Author information


  1. Department of Physics, University of California, Davis, California 95616, USA.

    • Austin Hoag
    • , Maruša Bradacˇ
    • , Kuang-Han Huang
    • , Brian C. Lemaux
    •  & Julie He
  2. School of Physics, University of Melbourne, Melbourne, Victoria 3010, Australia.

    • Michele Trenti
    •  & Stephanie R. Bernard
  3. Department of Physics and Astronomy, University of California, Los Angeles, California 90095, USA.

    • Tommaso Treu
    • , Louis E. Abramson
    • , Charlotte A. Mason
    •  & Takahiro Morishita
  4. Leibniz-Institut für Astrophysik Potsdam, An der Sternwarte 16, 14482 Potsdam, Germany.

    • Kasper B. Schmidt
  5. Department of Physics, University of California, Santa Barbara, California 93106-9530, USA.

    • Charlotte A. Mason
  6. Astronomical Institute, Tohoku University, Aramaki, Aoba, Sendai 980-8578, Japan.

    • Takahiro Morishita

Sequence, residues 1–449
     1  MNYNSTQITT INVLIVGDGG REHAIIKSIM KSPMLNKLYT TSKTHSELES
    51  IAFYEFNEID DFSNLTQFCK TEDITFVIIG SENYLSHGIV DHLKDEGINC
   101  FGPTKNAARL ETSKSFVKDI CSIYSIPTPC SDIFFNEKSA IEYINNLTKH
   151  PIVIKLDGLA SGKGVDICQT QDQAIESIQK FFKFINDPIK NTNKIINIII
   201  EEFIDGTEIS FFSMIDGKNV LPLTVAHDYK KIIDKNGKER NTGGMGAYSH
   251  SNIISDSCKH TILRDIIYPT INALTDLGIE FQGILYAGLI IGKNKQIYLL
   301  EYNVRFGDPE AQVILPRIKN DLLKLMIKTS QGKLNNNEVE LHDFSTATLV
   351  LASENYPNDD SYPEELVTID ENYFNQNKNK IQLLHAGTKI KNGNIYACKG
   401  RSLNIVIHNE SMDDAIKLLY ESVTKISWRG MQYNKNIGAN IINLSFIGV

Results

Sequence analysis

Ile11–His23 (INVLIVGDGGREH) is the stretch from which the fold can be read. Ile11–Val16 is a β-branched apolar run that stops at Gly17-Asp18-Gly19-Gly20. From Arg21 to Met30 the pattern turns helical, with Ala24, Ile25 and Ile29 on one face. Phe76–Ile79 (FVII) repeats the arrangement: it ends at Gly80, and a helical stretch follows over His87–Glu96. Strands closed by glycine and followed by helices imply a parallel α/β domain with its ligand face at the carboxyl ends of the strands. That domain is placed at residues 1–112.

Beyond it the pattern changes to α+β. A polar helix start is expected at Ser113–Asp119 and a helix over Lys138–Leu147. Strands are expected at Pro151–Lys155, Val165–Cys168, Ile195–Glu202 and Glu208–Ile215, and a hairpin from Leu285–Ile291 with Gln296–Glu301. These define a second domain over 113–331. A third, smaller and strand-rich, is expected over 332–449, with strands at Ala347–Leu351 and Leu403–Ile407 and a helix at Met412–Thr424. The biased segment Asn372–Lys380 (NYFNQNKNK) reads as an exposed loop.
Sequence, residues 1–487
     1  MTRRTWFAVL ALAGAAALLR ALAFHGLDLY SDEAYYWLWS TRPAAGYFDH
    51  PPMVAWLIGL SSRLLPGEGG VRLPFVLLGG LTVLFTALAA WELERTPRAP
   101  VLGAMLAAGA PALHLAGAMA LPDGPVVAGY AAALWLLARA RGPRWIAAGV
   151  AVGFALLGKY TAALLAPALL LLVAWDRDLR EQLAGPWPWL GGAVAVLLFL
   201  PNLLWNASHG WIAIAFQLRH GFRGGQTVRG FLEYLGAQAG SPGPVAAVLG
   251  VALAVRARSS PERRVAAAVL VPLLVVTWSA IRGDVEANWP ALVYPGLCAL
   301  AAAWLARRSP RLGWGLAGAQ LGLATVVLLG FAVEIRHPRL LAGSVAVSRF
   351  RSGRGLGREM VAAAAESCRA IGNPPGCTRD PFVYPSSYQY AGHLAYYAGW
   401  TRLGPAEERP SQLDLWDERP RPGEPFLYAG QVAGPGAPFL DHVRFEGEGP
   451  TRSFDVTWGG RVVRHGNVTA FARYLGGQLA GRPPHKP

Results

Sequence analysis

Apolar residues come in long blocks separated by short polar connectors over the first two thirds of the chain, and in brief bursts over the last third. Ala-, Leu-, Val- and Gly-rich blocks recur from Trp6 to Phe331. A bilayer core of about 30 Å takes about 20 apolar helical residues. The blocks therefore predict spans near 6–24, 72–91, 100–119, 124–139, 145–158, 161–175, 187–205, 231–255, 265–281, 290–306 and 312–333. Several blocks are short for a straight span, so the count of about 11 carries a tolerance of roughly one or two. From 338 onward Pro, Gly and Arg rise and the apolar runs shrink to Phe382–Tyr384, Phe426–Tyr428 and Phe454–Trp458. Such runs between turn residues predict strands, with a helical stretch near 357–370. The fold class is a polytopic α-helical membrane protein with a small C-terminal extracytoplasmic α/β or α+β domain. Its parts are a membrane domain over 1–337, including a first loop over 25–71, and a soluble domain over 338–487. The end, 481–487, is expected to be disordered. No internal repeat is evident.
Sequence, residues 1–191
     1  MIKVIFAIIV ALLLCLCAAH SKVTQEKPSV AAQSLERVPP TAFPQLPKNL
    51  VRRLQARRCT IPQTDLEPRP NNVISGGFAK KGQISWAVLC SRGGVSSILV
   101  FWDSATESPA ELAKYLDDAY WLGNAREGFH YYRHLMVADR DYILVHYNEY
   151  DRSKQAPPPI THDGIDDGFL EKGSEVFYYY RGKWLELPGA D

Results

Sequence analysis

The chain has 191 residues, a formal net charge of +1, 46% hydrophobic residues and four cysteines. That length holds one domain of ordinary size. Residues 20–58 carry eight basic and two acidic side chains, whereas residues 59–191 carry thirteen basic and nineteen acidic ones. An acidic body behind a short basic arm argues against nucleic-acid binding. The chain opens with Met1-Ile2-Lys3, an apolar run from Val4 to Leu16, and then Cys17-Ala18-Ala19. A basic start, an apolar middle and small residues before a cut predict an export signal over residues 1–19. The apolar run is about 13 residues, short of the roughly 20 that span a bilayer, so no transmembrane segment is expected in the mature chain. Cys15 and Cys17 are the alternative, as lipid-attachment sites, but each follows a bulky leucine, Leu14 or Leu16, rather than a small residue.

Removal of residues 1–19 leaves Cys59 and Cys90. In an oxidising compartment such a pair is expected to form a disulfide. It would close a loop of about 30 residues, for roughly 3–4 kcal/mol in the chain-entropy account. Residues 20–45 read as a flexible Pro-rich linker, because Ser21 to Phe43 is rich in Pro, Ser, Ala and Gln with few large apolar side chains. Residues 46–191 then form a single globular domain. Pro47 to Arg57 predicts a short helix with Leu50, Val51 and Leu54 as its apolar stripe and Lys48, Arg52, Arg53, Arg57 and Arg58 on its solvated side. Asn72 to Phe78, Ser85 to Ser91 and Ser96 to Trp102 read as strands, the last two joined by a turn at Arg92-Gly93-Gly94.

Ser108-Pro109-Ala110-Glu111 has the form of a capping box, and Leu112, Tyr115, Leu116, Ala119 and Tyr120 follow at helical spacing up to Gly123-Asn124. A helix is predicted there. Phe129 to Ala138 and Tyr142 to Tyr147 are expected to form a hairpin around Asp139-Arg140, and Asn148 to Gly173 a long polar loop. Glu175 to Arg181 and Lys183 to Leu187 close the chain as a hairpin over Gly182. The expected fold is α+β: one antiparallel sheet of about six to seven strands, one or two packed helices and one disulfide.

7. Institute for International Advanced Research and Education, Tohoku University, Aramaki, Aoba, Sendai 980-8578, Japan.

    • Takahiro Morishita
  8. INAF Osservatorio Astronomico di Roma, Via Frascati 33, I-00040 Monteporzio (RM), Italy.

    • Laura Pentericci
  9. Argelander-Institut für Astronomie, Auf dem Hügel 71, D-53121 Bonn, Germany.

    • Tim Schrabback


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A.H. handled the MOSFIRE reduction and analysis, led the lens modelling analysis and was the principal author of the paper. M.B. and M.T. designed and planned the MOSFIRE observations, contributed to the GLASS survey and contributed to writing the paper. M.B. also carried out the 27 May 2015 MOSFIRE observations. T.T. designed the GLASS survey and contributed to the design of the MOSFIRE observations and to writing the paper. K.B.S. handled the GLASS reduction and analysis and contributed to writing the paper. K.H.H. performed the HST and Spitzer photometry, led the stellar population modelling and contributed to writing the paper. B.C.L. contributed to the MOSFIRE analysis and to writing the paper. J.H. contributed to the lens modelling analysis. S.R.B. carried out the 19 March 2016 MOSFIRE observations. L.E.A., C.A.M., T.M. and L.P. contributed to the GLASS survey and to writing the paper. T.S. contributed to the lens modelling analysis.

Competing interests

The authors declare no competing financial interests.

Corresponding author

Correspondence to Austin Hoag.